- Publisher: Delphinium Books/Open Road/Audible
- Available in: Paperback, Hardcover, eBook, Audio Book
- ISBN: 978-0801486678
- Published: November 4, 2014
About the Book
For this second edition of a classic work of investigative reporting, Richard Rashke has added new material that lays out what has been learned since the book’s original publication discusses what happened to the various people involved in the Silkwood case.
It is also now an audiobook for the first time!
On November 13, 1974, Karen Silkwood was driving on a deserted Oklahoma highway when her car crashed into a cement wall and she was killed. On the seat next to her were doctored quality-control negatives showing that her employer, Kerr-McGee, was manufacturing defective fuel rods filled with plutonium. She had recently discovered that more than forty pounds of plutonium were missing from the Kerr-McGee plant.
Forty years later, her death is still steeped in mystery. Did she fall asleep before the accident, or did someone force her off the road? And what happened to the missing plutonium? The Killing of Karen Silkwood meticulously lays out the facts and encourages the readers to decide. Updated with the author’s chilling new introduction that discusses the similarities with Edward Snowden’s recent revelations, Silkwood’s story is as relevant today as it was forty years ago.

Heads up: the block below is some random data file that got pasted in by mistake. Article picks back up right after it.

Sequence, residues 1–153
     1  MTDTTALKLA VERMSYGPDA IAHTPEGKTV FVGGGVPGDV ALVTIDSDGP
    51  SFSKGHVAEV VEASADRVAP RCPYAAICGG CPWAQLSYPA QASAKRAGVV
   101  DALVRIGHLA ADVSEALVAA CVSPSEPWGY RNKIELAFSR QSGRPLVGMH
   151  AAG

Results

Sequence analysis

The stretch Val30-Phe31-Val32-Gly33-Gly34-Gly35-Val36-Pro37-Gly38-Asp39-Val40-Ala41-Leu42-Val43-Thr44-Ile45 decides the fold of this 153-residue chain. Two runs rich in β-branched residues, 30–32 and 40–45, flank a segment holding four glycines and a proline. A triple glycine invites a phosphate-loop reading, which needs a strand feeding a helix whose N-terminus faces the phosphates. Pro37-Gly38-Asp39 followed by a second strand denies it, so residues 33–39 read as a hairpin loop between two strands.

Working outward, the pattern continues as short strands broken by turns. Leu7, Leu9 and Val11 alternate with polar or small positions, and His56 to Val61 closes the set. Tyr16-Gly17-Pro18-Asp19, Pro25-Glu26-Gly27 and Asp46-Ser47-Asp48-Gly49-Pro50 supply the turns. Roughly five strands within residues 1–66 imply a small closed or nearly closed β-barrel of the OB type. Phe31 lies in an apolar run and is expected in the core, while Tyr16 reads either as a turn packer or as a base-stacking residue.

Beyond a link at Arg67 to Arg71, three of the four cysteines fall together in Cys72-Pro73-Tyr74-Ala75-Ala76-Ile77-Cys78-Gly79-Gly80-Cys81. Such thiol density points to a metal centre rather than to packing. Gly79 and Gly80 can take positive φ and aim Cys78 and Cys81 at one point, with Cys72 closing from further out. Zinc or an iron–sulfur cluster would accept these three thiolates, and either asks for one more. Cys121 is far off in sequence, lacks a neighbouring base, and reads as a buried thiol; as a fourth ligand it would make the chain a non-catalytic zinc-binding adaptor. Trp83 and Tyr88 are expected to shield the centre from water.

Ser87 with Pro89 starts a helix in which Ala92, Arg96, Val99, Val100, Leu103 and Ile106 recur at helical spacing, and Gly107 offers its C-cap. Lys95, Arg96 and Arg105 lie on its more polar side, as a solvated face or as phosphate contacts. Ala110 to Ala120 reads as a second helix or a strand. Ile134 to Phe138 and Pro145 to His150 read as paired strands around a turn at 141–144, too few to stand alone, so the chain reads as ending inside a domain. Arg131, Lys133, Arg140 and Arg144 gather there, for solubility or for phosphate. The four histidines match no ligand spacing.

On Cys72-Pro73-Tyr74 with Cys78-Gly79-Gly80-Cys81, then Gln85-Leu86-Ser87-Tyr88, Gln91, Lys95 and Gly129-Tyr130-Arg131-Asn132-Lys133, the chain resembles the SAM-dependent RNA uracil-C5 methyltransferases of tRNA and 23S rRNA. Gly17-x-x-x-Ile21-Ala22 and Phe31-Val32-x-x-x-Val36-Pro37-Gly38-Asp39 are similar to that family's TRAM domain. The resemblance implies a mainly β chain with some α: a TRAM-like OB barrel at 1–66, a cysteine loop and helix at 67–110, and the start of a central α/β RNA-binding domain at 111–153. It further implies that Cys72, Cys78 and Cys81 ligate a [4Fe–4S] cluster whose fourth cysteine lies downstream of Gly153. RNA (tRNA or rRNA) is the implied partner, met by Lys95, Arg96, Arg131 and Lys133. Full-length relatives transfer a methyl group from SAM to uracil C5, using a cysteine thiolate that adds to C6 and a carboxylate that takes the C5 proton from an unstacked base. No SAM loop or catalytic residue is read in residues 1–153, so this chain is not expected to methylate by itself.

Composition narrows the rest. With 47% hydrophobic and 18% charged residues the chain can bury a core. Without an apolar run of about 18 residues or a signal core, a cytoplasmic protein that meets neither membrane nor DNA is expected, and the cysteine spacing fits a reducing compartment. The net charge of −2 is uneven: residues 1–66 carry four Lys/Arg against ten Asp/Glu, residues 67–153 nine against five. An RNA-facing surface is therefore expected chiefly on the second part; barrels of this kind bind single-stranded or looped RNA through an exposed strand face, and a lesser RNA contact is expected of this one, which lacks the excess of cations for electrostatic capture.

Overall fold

About the Author
RICHARD RASHKE is a lecturer and author of non-fiction books including The Killing of Karen Silkwood and USEFUL ENEMIES: John Demjanjuk and America’s Open Door Policy for Nazi War Criminals. Rashke is featured in the award-winning international television series Nazi Hunters. His works have been translated into eleven languages and have been the subject of movies for screen and television. A produced screenwriter and playwright, his work has appeared on network television and off-Broadway. He is also an alto sax player and composer. His latest composition, Crane Wife, a family musical based on a Japanese folktale, was performed at the Kennedy Center, and a Dear Esther, based on a Sobibor prisoner, was the first play that was performed at the United States Holocaust Museum. He lives in Washington, D.C.